Most people who’ve been convicted of murder usually settle into prison for the long haul. But in some cases, a killer, usually one who committed his or her crime as a youth, gets released and starts over. Here are seven famous killers who got caught, and never killed again. (So far, at least.)
The story of Leopold and Loeb is as unique today as it was in the 1920s. They were rich, brilliant, well-educated, Nietzsche-obsessed Chicagoans who were 19 and 18, respectively, when their stormy romantic relationship became consumed by their shared desire to carry out “the perfect crime.” They’d committed arson and burglaries together, but this ultimate evil deed — the kidnapping and murder of a child, with a ransom demand thrown in for good measure — would be on a much bigger scale.
After months of plotting, the duo seized their prey on May 21, 1924; it was Leopold’s own cousin, 14-year-old Bobby Franks, victimized simply for being in the wrong place at the wrong time. The killing part was easy. The getting-away-with it proved more difficult, especially since Leopold’s very distinctive glasses fell out of his pocket when the murderers were disposing of their handiwork outside of town. The boys were soon nabbed and both confessed (though each accused the other of actually killing Franks) on May 31, 1924. A sensational trial followed, in which the pair was defended by no less than Clarence Darrow; since they’d confessed and the evidence against them was fairly staggering, the famed lawyer’s main objective was to spare them the death penalty. He succeeded, and both Leopold and Loeb got 99 years for kidnapping, and life for murder.
But it didn’t end there. Loeb died at age 30 after being shanked by a fellow inmate. Leopold served 33 years of his sentence and was paroled in 1958. Upon his release, he shunned the media that was eager to cover his story. “I don’t want any part of lecturing, television or radio, or trading on the notoriety,” he said. “All I want, if I am so lucky as to ever see freedom again, is to try to become a humble little person.”
And that’s what he did, moving to Puerto Rico, where he married and lived a quiet life until his death from natural causes in 1971. He even made a few visits back to Chicago in the intervening years, an anonymous old man who no longer resembled the arrogant teen who’d help commit one of America’s most audacious crimes.
The Leopold and Loeb case made its mark on true-crime history, but it also influenced pop culture, inspiring the play, Rope, that became the Alfred Hitchcock film of the same title. The crimes Caril Ann Fugate committed with her boyfriend, Charlie Starkweather, were similarly tailor made for cinema, spawning Badlands and Natural Born Killers, among other works. Fugate was only 14 when she went on the run with her 19-year-old paramour; when the two were captured on January 29, 1958, ten bodies lay in their wake, including her mother, stepfather, and two-year-old half-sister. (Starkweather had also previously claimed an 11th victim during a 1957 robbery).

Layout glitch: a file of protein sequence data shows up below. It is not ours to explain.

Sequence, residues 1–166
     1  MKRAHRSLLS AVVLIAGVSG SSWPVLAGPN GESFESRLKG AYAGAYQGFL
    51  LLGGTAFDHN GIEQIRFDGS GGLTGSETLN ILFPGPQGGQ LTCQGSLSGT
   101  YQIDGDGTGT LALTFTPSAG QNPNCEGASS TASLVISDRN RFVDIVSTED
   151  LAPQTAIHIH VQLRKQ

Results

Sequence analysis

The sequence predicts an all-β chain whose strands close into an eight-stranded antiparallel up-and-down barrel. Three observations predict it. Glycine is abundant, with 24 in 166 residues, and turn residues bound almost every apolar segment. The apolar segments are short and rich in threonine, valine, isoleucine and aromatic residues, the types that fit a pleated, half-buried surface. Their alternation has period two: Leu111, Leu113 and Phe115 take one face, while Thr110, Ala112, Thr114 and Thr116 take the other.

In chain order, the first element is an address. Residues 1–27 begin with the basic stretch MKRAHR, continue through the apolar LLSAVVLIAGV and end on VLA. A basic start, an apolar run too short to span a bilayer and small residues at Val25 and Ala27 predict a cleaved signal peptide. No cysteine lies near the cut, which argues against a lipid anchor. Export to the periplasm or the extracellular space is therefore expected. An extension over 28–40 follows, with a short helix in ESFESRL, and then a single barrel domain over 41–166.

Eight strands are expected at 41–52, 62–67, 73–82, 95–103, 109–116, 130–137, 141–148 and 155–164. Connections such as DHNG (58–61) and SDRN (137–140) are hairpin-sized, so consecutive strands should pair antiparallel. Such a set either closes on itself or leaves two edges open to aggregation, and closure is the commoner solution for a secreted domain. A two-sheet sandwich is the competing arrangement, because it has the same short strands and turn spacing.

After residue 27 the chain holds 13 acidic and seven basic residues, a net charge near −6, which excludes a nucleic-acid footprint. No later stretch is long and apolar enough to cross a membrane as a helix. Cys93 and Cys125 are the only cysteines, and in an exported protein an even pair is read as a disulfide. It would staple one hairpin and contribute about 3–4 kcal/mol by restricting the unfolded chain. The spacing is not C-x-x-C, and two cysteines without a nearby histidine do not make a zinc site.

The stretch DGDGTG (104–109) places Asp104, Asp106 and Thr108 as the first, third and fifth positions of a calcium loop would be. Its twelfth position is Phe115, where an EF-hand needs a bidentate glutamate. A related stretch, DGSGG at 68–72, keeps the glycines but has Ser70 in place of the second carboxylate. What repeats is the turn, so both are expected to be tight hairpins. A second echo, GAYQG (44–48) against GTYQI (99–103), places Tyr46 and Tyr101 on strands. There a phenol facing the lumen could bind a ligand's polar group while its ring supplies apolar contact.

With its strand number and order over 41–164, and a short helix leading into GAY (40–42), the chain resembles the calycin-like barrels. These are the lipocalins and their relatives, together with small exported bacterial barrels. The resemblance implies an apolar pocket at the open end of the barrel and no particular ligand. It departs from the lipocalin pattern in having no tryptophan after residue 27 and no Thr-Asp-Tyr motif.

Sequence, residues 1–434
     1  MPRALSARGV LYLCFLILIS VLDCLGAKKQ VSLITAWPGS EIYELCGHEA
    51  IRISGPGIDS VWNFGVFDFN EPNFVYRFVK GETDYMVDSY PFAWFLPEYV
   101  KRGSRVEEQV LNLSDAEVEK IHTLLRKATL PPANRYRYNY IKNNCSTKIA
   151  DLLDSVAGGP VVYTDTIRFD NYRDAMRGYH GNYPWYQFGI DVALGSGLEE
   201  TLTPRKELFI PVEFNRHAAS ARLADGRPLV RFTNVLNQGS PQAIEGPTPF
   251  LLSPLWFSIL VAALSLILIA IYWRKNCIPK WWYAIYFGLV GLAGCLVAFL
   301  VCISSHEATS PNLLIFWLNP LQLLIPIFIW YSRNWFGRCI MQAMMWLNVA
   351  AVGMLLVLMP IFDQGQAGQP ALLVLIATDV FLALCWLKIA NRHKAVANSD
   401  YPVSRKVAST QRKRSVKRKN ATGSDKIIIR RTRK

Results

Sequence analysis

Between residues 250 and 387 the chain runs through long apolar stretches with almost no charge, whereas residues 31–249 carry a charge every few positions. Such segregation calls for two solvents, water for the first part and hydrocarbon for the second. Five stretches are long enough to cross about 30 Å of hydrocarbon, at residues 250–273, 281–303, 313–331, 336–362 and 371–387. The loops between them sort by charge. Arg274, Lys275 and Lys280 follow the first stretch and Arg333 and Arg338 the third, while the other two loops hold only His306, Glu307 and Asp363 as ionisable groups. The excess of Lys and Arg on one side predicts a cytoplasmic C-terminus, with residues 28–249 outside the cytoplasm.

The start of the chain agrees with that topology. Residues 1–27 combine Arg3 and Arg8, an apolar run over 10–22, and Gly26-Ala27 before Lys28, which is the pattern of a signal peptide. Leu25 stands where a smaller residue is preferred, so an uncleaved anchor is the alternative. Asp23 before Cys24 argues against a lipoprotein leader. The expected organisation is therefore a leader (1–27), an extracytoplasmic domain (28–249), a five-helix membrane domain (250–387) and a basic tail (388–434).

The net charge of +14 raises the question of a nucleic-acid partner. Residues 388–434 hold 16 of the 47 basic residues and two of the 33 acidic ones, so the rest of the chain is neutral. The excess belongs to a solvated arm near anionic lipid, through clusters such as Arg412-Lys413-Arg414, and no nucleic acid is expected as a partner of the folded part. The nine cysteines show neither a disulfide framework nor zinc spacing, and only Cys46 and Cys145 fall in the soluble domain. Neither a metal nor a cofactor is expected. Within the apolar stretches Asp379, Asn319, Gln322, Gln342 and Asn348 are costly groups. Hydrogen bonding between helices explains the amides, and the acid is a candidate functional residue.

Starkweather was executed in Fugate’s hometown of Lincoln, Nebraska in 1959. Fugate, the youngest American woman to be tried for first-degree murder, claimed on the stand that she was actually Starkweather’s hostage throughout the ordeal, not a willing accomplice. But she was still sentenced to life in prison — a sentence which ended with her parole in 1976.
Once released, the only job she could get was as a hospital custodian, which she toiled at for three decades. She didn’t even change her infamous last name until she married in 2007. In 2013, she and her husband were involved in a Michigan car accident that killed him and left her seriously injured. She’s now 72 years old. While she was recovering from the crash, her stepson gave an interview in which he observed that the guilt of her crimes still lingered, decades and decades later: “Caril in many ways is a shell of a woman. She walks a definite walk of shame.”
Here’s yet another sensational crime that was immortalized by a fictionalized narrative — in this case, Peter Jackson’s Heavenly Creatures, about the obsessive relationship between two teenagers that turns homicidal when their parents attempt to separate them. The real crime played out much like the movie; in 1954, 15-year-old Juliet Hulme and 16-year-old Pauline Parker murdered Parker’s mother by bashing her head in with a brick tucked into a stocking. But what happened after they were found guilty of murder was, if decidedly less tragic, nearly as dramatic.
As the New Zealand Herald reported in 2011: